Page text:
I agree this thread is getting boring and should just drift away to the second page.Streamlining is not boring though.Streamlining is "free" speed.I am always looking for the easiest way to go the fastest.:bouncing:

Not boring at all. Keep thinking and talking, please. :)

david.margrave
February 22nd, 2008, 01:17 AM
I came across this while searching for front quadrant. I was messing around during warm-down and tried swimming with no kick at all, to see how much my legs dragged with different stroke techniques. I tried front quadrant style and normal style, and my legs were dragging noticeably worse with normal stroke. The whole idea of front quadrant swimming is to move your center of buoyancy forward for a large part of your stroke cycle, right?

I haven't tried front quadrant in workout sets yet, but plan to, to get a feel for whether it works for me or not. It seems like the 'catch up' drill is probably a good way to develop technique.

rtodd
February 22nd, 2008, 09:04 AM
Good point.

I think front quadrant swimming allows the weight of your arms to help balance out the weight of your legs and create a flatter streamline profile. This helps in distance when your kick is less activated. Thorpe was the master.

LindsayNB
February 22nd, 2008, 09:38 AM
Out of curiosity, when you switched to a more front quadrant stroke, did you delay your catch or speed up your recovery?

Btw, front quadrant doesn't work by moving your center of buoyancy forward, it works by shifting your center of gravity forward, closer to your center of buoyancy. In the static case, if they are both in the same place you will be stable. With your arms at your side your center of gravity will be below your center of buoyancy (toward your feet) and a rotational force will be created (for example buoyancy pushing up at your chest and gravity pushing down at your hips will cause your legs to sink).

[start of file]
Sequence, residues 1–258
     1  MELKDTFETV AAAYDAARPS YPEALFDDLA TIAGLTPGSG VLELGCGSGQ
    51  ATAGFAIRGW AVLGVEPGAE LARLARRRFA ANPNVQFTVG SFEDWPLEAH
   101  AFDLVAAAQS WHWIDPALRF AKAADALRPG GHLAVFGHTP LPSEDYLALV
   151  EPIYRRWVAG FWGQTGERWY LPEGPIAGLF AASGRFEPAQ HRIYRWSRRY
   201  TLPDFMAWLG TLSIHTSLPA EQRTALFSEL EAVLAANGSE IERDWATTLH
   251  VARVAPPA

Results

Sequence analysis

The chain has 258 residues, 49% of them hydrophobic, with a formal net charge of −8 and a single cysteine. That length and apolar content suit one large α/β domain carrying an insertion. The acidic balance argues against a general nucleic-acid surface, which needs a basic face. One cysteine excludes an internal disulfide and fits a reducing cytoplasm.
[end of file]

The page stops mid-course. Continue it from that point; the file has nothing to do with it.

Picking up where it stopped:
The basic explanation for hull speed is that the faster the speed the longer the wave length. At very slow speeds you create little ripples that are closely spaced, as you speed up the distance from peak to peak increases and for a boat, as the speed increases the distance from the bow wave to the following wave increases, first to the point where the rear of the boat is traveling on the second peak, and then eventually the back of the boat will be in the trough with the bow in the peak of the bow wave, so you are effectively powering yourself up the back of a wave, which takes a lot more power. The longer the hull the greater the speed you can travel before your stern falls into the trough so the greater your hull speed is. Sticking a pole on the front of a boat (extending your arm in front of you in swimming) will only increase your hull speed if it moves the bow wave (and following wave) forward, which is not the case with a swimmer extending an arm forward under the water. Extending your arm will however make you more streamlined.

david.margrave